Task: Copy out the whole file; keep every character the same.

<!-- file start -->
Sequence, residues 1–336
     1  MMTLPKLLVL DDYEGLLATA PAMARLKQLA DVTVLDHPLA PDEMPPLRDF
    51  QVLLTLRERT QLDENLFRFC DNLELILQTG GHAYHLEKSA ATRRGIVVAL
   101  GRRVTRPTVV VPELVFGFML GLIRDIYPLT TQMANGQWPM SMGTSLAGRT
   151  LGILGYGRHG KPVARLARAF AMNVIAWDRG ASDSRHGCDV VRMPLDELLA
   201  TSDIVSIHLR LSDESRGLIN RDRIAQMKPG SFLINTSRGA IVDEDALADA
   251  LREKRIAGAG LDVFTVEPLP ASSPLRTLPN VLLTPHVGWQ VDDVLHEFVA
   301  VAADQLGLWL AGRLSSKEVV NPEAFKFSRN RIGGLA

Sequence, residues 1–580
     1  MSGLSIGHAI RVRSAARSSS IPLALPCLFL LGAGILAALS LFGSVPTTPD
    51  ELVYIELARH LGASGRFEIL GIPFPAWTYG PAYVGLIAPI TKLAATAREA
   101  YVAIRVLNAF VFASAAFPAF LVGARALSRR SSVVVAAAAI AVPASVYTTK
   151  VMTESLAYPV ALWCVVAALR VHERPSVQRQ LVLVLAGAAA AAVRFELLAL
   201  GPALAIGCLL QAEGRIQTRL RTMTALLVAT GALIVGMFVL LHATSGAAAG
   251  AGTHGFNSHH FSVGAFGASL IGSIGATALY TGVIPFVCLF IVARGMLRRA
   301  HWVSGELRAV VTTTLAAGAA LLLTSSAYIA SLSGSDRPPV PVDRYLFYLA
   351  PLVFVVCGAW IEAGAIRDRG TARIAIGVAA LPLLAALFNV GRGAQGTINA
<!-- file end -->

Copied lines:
Sequence, residues 1–336
     1  MMTLPKLLVL DDYEGLLATA PAMARLKQLA DVTVLDHPLA PDEMPPLRDF
    51  QVLLTLRERT QLDENLFRFC DNLELILQTG GHAYHLEKSA ATRRGIVVAL
   101  GRRVTRPTVV VPELVFGFML GLIRDIYPLT TQMANGQWPM SMGTSLAGRT
   151  LGILGYGRHG KPVARLARAF AMNVIAWDRG ASDSRHGCDV VRMPLDELLA
   201  TSDIVSIHLR LSDESRGLIN RDRIAQMKPG SFLINTSRGA IVDEDALADA
   251  LREKRIAGAG LDVFTVEPLP ASSPLRTLPN VLLTPHVGWQ VDDVLHEFVA
   301  VAADQLGLWL AGRLSSKEVV NPEAFKFSRN RIGGLA

Sequence, residues 1–580
     1  MSGLSIGHAI RVRSAARSSS IPLALPCLFL LGAGILAALS LFGSVPTTPD
    51  ELVYIELARH LGASGRFEIL GIPFPAWTYG PAYVGLIAPI TKLAATAREA
   101  YVAIRVLNAF VFASAAFPAF LVGARALSRR SSVVVAAAAI AVPASVYTTK
   151  VMTESLAYPV ALWCVVAALR VHERPSVQRQ LVLVLAGAAA AAVRFELLAL
   201  GPALAIGCLL QAEGRIQTRL RTMTALLVAT GALIVGMFVL LHATSGAAAG
   251  AGTHGFNSHH FSVGAFGASL IGSIGATALY TGVIPFVCLF IVARGMLRRA
   301  HWVSGELRAV VTTTLAAGAA LLLTSSAYIA SLSGSDRPPV PVDRYLFYLA
   351  PLVFVVCGAW IEAGAIRDRG TARIAIGVAA LPLLAALFNV GRGAQGTINA